posted by croutonsupafreak at 12:01 AM on March 13, 2007


I shouldn't think that most Americans are run-down enough to get TB easily. Being in poor health and undernourished promotes contracting TB, which is why it was the scourge of urban slums in the nineteenth century.
posted by bad grammar at 12:57 AM on March 13, 2007


What uncballzer said. The PPD test is cheap, quick, painless, and a really good way to find out if you've ever been exposed.

But also, what cobaltnine said. TB isn't easy to catch. Example: I, and several hundred of my peers, spent two years in TB-riddled Ukraine, walking around in the cold, eating poorly (our own cooking, cheap cafés, and what we could get from kiosks on the run), riding packed-full buses, shaking hands with hundreds of people, and starting conversations with pretty much anyone who would let us. Or with those who insisted. Businessmen, homeless people, doctors, chronically malnourished alcoholics, schoolteachers, injecting opiate users, high school kids, everyone. We visited people's houses, we visited hospitals, we rode trains from city to city.

In short, if anyone around us had TB, we had an excellent chance of encountering them, and that while our own immunity was probably not at 100%. So we all got tested. No problems. I know exactly one guy whose PPD was positive, and his X-ray was negative. Your googling is correct: It takes continued, close contact and/or notably compromised immunity.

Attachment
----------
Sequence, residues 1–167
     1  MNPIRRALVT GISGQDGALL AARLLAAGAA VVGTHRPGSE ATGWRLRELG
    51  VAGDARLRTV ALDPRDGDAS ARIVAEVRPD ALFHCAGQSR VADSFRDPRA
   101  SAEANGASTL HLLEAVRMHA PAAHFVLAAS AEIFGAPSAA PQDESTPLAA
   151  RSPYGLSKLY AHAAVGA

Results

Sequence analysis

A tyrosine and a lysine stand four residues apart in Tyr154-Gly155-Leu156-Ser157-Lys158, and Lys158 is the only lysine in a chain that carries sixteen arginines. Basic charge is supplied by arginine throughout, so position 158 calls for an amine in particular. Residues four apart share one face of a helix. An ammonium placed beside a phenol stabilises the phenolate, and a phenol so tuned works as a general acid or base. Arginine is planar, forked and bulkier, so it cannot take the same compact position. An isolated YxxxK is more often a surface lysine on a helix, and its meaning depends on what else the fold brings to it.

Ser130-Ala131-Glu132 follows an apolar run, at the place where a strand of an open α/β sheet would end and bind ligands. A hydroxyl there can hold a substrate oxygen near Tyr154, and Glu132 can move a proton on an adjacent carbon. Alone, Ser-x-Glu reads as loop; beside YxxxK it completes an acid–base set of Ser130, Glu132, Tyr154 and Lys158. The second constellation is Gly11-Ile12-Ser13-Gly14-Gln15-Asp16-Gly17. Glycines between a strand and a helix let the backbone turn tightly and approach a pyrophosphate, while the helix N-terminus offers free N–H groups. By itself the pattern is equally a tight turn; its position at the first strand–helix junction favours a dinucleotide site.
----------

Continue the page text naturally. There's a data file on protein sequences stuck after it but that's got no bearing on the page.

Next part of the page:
posted by eritain at 2:27 AM on March 13, 2007


Since the medical view has mostly been cleared up here, take an economic view on it. If the worry about it is going to cost her more than the cost of the test and the time in doing it, then take the test. If not, then don't.
posted by wackybrit at 6:12 AM on March 13, 2007


I was exposed to active TB patients 100+ times as a medical student and I've been exposed 25+ times to lung biopsy specimens of active TB nodules as a pathologist. I've yet to convert to a positive PPD. It's not too worrisome to a young healthy adult.

That being said, everyone should get yearly PPD tests. There's really no reason not to. She should be able to get tested for free at a Student Clinic at the University.
posted by i_am_a_Jedi at 7:29 AM on March 13, 2007


If she's in college, she can probably get tested for free at the student health center -- so there's no reason not to. My brother got TB from one of his college roommates, and it wasn't really a big deal; he was on antibiotics for a long time, but it didn't affect him any.
posted by sonofslim at 9:27 AM on March 13, 2007


Go get a test.

We have to do them here in our county yearly. We have to have 2 tests done within 3 weeks of each other, too. (This is for the county EMS agency)

She gets a poke in the arm, and 48 hours later a nurse looks at it.

I believe Planned Parenthood will also do the tests for free/a reduced fee. Might as well go get a blood test done anyway. It's a good thing to know.
posted by drstein at 10:48 AM on March 13, 2007